Saturday, 16 October 2010
Writing Tips From An Unqualified (but enthusiastic) Writer
Moving into the second half of my October blog challenge, and it's the turn of my HPANA buddy Weesa to suggest the next block of topics. Her first prompt is 'Advice for beginner writers'.
This one makes me a bit squirmy as I don't really feel that I'm in a position to offer advice. Sure, I've been writing for around five years now, but I'm not published, and I know I could improve in a number of ways. Still, there are several things that I believe would be useful to aspiring writers out there who are just starting out.
1 - My biggest piece of advice is to read. And when I say read, I mean reads lots. Read copious amounts, really. As much as you can, in every genre possible. The more you read, the higher your vocabulary skills will be, and you will also get a good idea about what does and doesn't sell. Look for plot patterns, see how foreshadowing works, look at the pacing. Dissect as much as you can and break the novel down into sections. If you can see how things work in a published book, it will help you with the layout in your own book.
2 - After you have read a good selection of novels, pick a genre that you enjoyed the most. If you really enjoy reading fantasy, for example, chances are you will enjoy writing fantasy too. Find your comfort zone, and test the waters by writing a short story first, or even a poem. You'll soon know if the genre you've chosen is working for you. My first original novel idea was fantasy based, and I spent three years on the thing and never passed five chapters. Fantasy is my favourite genre, so I really thought it should be the genre that I should write in. Then I went through a phase where I read a bunch of chick lit novels and I decided to have a go at writing one for last year's NaNoWriMo challenge. One month and 50,000 odd words later, and I had a working novel on my hands. Sure, it needs editing and what not, but the bulk of the writing is done. Goes to show that your first genre choice may not be your genre at all, so don't despair if your first choice doesn't work for you.
3 - Have a go at writing some fanfiction. I dipped my toe in the writing pond by writing fanfiction for Harry Potter (you can find all of my Potter stories in the Fan Fun forum on HPANA under my pen name Tundiel Mehtarion). My earlier attempts are a wee bit embarrassing, but I like to leave them up because I think you can really see how much I've improved over the years, and that is something which encourages me. Fanfiction is an excellent way to hone your writing skills, and also has the added bonus of feedback when you post it online.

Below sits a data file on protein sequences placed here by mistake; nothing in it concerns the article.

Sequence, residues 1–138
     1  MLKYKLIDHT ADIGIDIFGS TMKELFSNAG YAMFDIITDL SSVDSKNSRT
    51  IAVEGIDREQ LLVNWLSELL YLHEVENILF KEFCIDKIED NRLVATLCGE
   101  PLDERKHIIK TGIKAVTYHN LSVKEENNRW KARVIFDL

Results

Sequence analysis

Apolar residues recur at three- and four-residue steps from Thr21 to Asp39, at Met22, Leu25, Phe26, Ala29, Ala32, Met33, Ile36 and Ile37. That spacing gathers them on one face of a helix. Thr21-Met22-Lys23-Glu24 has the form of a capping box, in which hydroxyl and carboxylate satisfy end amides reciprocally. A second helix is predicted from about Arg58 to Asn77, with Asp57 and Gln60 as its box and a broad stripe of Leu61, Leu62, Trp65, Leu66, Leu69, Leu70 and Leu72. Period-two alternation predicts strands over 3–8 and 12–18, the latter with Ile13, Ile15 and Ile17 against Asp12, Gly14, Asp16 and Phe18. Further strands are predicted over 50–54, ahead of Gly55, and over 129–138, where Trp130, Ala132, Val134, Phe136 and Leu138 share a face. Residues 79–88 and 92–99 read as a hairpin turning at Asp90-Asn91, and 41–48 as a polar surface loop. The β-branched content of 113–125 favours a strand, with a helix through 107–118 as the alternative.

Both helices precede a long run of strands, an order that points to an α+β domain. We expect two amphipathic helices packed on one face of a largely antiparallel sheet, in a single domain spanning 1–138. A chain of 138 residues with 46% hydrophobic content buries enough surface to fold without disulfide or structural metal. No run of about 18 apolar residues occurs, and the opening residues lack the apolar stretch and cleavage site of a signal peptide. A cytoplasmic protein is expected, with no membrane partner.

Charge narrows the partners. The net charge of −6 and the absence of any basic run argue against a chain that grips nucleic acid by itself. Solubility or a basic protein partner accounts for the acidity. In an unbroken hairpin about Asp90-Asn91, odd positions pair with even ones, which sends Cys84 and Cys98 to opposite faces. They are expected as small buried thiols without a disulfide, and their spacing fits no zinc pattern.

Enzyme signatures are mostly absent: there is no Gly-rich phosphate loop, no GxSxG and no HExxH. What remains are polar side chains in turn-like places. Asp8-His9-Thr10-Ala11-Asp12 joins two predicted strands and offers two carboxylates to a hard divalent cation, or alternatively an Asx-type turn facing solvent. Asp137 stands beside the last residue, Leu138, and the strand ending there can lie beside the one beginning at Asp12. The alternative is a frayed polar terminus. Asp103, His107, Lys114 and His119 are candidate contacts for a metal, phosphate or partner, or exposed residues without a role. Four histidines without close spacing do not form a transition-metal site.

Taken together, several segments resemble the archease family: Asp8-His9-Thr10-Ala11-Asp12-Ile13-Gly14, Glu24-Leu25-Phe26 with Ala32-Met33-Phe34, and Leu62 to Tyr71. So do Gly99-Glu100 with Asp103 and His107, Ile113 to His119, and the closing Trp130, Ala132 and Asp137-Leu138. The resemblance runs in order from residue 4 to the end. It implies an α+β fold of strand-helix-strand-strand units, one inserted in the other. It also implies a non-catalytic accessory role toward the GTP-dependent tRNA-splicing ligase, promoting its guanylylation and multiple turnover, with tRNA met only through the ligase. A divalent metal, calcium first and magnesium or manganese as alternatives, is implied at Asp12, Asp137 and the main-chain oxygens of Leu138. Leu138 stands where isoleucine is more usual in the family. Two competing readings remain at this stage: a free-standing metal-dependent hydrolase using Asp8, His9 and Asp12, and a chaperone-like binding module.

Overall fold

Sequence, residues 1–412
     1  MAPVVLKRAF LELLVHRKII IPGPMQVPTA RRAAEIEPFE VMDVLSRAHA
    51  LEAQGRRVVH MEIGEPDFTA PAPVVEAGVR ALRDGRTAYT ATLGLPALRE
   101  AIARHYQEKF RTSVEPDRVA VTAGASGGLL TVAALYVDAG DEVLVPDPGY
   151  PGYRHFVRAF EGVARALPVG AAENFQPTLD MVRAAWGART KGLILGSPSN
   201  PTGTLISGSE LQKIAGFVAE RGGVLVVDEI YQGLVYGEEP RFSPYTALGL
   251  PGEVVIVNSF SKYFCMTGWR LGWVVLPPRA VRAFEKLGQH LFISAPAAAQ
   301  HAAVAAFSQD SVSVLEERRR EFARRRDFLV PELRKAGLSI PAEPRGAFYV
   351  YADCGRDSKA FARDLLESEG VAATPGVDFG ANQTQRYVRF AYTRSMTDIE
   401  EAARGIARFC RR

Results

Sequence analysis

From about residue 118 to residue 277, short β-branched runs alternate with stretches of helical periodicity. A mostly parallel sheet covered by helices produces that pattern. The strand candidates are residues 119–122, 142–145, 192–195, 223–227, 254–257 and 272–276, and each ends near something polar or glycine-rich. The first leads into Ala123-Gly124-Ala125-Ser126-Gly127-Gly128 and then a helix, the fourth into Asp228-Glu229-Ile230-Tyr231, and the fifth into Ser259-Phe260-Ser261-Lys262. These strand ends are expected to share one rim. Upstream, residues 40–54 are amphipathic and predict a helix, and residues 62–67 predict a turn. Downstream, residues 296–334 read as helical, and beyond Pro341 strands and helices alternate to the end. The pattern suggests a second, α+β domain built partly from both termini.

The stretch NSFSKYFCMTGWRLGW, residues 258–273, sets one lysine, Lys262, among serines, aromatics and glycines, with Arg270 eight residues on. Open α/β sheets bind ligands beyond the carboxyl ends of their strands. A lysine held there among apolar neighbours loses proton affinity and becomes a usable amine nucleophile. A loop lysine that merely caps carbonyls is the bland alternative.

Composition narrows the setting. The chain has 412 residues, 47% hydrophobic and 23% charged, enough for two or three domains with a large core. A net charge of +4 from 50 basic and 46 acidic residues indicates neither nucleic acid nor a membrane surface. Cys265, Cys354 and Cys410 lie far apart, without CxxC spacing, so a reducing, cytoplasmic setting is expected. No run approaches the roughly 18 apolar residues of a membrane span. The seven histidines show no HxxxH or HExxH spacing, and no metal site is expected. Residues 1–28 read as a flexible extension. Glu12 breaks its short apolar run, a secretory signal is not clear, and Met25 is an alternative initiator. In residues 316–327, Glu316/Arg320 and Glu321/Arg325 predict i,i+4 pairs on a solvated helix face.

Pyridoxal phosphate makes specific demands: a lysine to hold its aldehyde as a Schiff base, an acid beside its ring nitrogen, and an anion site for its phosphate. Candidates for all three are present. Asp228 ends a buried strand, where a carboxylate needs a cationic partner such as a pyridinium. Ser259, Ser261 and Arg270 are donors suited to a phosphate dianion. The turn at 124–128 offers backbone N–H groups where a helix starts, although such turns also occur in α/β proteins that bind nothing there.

4 - Blog. As often as you can. This is one of those things where I am saying 'do as I say, not as I do'. My blogging habits are sporadic to say the least, but I am trying to do better. If you really want to write, then you need to get into the habit of writing daily, even if it's only a couple of hundred words. It does work, but you need to be strict. I initially blogged almost every day for the first two months, and this was the time when I wrote my chick lit novel too. Since my blogging dwindled, so did my writing in general (in fact I slipped back into my terrible habit of not doing anything at all *shifty*). The whole reason I'm writing this blog today is because I decided to challenge myself to blog every day in October, partly because it's National Blog Writing Month, but also because I want to enter the NaNoWriMo next month, and this is an excellent way to get myself back in the habit of writing daily.
I also advise you to READ as many blogs as possible, especially any that are to do with writing in general, or are published by authors. You'd be surprised at how much you can pick up just by reading a handful of decent blogs every day, There's a wealth of knowledge out there, and all we have to do is read. *nods*
5 - My final piece of advice is to have fun. Seriously, enjoy your time at the keyboard (or with your pen, if you write by hand). If you really enjoy it when you write, there's a very good chance that people will enjoy reading your work. And channel your emotions. Sometimes I am laughing like a mad woman when I am writing, or I am sniffing back tears. These are the times when my writing is at its best, and I'm pretty sure that what I am working on is more than half decent. If it seems like a chore, then your writing will come out flat, but if you are enjoying yourself, and have your emotions engaged, then your energy should (in theory) seep into your work.
That's about all I can think of really. As I said, I'm by no means an expert at this writing malarkey, but these five tips are usually what I tell people if they ask me for advice. Hope some of you find it helpful!
Tomorrow I shall be talking about The Purple. Indeed.